Diabetes influences brain ischemia in a number of different ways. Diabetes causes and exacerbates macroangiopathies, increases the severity of ischemia, and increases stroke mortality. Unfortunately, few studies have examined in sufficient depth the influence of diabetes on the various vascular lesions that cause brain ischemia. These can be divided into: 1) cardiac-origin brain embolism; 2) atherosclerosis of the aorta and the large extracranial arteries—the internal carotid arteries (ICAs) and the vertebral arteries (VAs); 3) atherosclerosis of the large intracranial arteries-ICAs, anterior, middle, and posterior cerebral arteries, the VAs, and the basilar artery; 4) intracranial atheromatous branch disease of macroscopically visible branches of the intracranial arteries enumerated in 3; and 5) degenerative abnormalities such as lipohyalinosis and fibrinoid changes within penetrating artery branches visible only microscopically. The last three types of disorders all can cause deep subcortical brain infarcts, the predominant type of brain infarction found in Japan.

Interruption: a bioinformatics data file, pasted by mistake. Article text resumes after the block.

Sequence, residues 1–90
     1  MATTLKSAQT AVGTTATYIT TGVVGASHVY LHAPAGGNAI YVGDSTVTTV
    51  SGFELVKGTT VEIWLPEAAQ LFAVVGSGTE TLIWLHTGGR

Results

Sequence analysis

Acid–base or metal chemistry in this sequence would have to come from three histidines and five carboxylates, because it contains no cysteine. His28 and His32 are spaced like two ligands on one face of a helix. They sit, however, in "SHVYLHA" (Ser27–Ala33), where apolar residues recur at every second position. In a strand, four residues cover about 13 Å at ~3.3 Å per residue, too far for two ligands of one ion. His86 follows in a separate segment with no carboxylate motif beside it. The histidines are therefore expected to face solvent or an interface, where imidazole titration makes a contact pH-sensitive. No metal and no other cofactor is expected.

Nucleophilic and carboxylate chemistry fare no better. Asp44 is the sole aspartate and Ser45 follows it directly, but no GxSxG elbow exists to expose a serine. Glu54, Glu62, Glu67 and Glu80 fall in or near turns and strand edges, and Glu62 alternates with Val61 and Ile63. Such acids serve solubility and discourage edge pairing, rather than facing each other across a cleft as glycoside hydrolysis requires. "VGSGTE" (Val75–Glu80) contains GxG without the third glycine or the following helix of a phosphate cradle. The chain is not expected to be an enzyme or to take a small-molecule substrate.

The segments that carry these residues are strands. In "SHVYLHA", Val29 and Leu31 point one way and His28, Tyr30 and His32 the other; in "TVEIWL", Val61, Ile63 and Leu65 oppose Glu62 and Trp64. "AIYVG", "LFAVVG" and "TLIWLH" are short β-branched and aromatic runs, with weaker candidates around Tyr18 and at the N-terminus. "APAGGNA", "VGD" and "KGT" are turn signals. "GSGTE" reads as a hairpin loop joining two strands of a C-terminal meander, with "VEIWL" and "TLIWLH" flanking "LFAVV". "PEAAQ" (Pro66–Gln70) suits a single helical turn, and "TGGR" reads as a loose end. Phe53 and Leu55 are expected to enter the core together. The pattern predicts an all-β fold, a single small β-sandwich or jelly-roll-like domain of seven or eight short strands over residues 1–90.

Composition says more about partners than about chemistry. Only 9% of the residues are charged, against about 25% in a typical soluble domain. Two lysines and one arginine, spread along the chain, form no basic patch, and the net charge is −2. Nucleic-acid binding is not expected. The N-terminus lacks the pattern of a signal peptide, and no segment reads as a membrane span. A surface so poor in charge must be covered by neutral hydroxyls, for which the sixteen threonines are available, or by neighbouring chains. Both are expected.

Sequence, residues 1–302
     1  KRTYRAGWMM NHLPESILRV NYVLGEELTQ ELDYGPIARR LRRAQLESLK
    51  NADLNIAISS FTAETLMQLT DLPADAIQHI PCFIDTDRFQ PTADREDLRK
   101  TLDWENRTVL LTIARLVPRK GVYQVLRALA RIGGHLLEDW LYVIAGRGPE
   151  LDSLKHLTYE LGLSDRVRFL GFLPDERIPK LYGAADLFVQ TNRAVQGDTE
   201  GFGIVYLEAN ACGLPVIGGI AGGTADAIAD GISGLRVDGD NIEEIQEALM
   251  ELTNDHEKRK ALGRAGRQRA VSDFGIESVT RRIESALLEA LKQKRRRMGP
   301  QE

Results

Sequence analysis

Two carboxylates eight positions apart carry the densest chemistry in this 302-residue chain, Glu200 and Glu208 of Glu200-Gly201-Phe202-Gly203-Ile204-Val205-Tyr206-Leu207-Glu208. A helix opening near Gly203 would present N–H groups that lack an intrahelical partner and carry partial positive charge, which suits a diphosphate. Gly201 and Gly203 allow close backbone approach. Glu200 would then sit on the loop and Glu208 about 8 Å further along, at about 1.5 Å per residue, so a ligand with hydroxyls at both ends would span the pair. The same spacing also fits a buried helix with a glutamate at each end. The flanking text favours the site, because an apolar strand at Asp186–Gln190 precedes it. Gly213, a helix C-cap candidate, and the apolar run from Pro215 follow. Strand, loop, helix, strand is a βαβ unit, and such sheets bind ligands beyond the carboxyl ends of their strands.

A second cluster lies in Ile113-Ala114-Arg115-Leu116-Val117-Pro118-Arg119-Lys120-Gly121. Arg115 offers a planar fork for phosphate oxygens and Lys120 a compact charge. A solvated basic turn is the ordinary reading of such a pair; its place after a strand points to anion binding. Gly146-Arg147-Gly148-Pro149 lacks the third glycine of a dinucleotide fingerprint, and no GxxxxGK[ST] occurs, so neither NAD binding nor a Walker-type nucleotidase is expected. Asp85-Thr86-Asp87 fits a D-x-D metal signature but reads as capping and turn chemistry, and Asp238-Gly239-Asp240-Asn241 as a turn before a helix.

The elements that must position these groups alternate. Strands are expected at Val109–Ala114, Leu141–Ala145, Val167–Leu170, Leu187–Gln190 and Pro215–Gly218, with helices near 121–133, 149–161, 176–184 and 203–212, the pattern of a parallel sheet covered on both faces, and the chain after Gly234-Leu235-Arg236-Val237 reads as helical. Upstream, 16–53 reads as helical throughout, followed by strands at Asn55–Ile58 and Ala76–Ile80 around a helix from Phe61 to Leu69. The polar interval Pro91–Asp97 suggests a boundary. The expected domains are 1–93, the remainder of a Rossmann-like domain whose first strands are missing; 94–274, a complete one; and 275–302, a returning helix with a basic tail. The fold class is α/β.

PATHOLOGICAL CONSIDERATIONS AND ORGAN-SPECIFIC ATHEROSCLEROSIS| July 01 1996
Diabetes and Brain Ischemia
Address correspondence and reprint requests to Dr. Louis R. Caplan, Tufts University, Department of Neurology, New England Medical Center, 750 Washington St., Boston, MA 02111
Louis R Caplan; Diabetes and Brain Ischemia. Diabetes 1 July 1996; 45 (Supplement_3): S95–S97. https://doi.org/10.2337/diab.45.3.S95
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